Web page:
Everyone makes mistakes—the worst investors, and yes, even the best ones.
In 1993 Berkshire Hathaway exchanged 25,200 shares for ownership of a company called Dexter Shoes. Today, Dexter is a worthless company, but those shares are worth more than $7 billion.
In 2014, Buffett looked back on that and said, “As a financial disaster, this one deserves a spot in the Guinness Book of World Records.”
Today we found out that Buffett one-upped himself.
Berkshire Hathaway has compounded at 20% from 1965-2020, compared to a 10.2% return for the S&P 500 over the same time. This actually understates his returns because his limited partnership, which started in 1956 and ran through 1970, absolutely demolished the market.
Over a 56-year period, the gap between a 10% and 20% annual return becomes laughably large. You would have been 120x better off with Buffett than the overall market. This might be the Cal Ripken streak of investing. We’ll probably never see anything like it again. And yet, even with numbers like this, he sure had a few setbacks along the way.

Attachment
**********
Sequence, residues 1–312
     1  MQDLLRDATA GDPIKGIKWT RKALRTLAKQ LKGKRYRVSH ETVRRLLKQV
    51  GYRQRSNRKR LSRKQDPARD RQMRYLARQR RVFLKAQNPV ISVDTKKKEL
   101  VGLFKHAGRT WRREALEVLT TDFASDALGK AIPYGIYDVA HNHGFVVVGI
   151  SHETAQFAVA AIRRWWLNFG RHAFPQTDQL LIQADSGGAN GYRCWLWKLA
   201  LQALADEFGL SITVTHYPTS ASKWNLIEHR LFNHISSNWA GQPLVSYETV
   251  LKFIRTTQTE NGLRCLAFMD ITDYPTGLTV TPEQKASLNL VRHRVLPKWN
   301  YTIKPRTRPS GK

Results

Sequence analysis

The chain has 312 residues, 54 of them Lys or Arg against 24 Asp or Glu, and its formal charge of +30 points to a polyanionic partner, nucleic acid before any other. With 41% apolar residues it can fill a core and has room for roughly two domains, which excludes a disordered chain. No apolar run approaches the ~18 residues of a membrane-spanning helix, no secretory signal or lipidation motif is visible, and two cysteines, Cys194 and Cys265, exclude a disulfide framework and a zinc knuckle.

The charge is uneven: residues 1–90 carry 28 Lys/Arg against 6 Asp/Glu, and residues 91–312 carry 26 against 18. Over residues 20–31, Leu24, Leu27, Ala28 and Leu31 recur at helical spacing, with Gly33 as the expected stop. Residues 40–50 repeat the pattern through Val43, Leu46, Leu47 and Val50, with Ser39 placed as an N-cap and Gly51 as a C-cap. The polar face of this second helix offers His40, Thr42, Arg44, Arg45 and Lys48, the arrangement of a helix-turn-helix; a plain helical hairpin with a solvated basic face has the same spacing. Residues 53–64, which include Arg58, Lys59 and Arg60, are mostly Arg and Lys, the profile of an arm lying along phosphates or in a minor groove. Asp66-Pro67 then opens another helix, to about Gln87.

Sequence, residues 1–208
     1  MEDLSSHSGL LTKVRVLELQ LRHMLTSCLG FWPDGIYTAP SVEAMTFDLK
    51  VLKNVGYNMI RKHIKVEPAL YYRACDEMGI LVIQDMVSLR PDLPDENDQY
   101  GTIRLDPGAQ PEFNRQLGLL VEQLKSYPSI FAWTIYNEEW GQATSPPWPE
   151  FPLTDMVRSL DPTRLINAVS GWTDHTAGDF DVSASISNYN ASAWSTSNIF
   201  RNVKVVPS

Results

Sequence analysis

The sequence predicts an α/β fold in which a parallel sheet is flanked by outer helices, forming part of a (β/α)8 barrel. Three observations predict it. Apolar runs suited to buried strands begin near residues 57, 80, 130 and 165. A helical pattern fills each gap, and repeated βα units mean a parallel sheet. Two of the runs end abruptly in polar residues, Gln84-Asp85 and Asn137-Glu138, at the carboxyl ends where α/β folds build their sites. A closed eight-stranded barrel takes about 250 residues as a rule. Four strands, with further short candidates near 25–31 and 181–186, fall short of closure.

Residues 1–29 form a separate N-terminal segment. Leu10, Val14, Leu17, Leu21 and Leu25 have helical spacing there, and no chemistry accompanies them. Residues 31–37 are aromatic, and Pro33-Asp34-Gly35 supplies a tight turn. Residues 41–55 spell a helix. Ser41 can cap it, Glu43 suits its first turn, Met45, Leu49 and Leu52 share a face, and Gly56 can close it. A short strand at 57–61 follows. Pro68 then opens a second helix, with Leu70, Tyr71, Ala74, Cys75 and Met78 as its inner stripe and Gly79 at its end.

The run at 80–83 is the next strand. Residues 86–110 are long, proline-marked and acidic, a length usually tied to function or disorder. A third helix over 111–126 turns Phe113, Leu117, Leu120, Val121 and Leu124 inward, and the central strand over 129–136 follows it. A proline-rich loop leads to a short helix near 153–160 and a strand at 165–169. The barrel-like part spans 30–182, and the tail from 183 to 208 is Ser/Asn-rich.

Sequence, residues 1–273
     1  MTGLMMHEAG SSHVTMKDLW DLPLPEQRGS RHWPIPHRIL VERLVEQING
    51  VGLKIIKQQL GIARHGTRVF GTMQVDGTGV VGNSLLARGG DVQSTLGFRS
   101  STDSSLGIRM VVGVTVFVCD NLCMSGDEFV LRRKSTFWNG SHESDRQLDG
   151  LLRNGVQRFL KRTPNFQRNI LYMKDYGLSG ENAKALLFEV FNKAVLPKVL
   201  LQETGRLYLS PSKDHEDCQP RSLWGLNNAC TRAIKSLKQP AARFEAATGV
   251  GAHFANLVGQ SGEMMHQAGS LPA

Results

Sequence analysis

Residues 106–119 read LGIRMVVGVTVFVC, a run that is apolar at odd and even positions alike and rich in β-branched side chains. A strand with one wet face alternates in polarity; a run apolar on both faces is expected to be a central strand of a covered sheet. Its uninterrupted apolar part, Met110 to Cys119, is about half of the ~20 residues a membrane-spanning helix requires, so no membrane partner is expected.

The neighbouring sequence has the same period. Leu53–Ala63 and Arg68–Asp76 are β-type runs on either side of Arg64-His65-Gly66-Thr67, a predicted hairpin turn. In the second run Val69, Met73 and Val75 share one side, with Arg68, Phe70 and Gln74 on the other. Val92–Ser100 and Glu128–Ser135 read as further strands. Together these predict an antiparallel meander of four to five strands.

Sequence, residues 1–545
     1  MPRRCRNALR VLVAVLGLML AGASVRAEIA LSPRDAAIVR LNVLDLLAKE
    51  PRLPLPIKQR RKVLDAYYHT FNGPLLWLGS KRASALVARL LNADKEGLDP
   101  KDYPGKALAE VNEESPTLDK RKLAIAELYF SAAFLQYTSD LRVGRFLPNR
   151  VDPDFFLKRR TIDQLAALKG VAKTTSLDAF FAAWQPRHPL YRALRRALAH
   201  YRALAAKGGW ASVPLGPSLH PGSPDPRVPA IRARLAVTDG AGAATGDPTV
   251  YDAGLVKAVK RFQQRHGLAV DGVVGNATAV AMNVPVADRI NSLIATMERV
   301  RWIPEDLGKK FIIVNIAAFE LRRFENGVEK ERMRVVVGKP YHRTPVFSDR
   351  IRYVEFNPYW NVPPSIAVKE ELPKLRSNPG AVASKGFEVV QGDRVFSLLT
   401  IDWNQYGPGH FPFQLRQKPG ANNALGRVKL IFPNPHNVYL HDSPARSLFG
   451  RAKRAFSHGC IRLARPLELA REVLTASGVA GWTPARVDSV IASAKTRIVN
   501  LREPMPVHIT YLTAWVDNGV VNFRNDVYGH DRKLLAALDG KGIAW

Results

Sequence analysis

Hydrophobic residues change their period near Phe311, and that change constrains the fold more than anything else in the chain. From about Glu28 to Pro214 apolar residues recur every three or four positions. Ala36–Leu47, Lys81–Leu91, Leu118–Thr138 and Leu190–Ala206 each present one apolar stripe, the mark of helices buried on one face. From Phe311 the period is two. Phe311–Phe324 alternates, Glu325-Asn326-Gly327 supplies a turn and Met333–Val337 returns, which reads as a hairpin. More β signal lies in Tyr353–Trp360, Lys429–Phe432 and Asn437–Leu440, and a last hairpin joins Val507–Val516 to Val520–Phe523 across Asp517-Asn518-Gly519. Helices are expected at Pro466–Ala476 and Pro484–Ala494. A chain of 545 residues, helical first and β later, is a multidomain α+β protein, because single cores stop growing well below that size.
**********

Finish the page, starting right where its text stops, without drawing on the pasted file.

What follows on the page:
In Big Mistakes, The Best Investors and Their Worst Investments, Michael Batnick writes:
Buffett has included the word ‘mistake’ 163 times in his annual letters. He, like everybody else who has ever put a dollar into the market, is no stranger to lousy investments.
That number is now 164 and counting because today, in his annual letter, we learned about a miscalculation that cost the company a lot of money. The $37 billion he spent for Precision Cast Parts was written down by $11 billion.
Mistakes are part of the game. Losing money is part of the process. The most important thing, and it’s easier said than done, is to learn from them. You’re going to make 10,000 mistakes along the way. Try not to make the same one twice.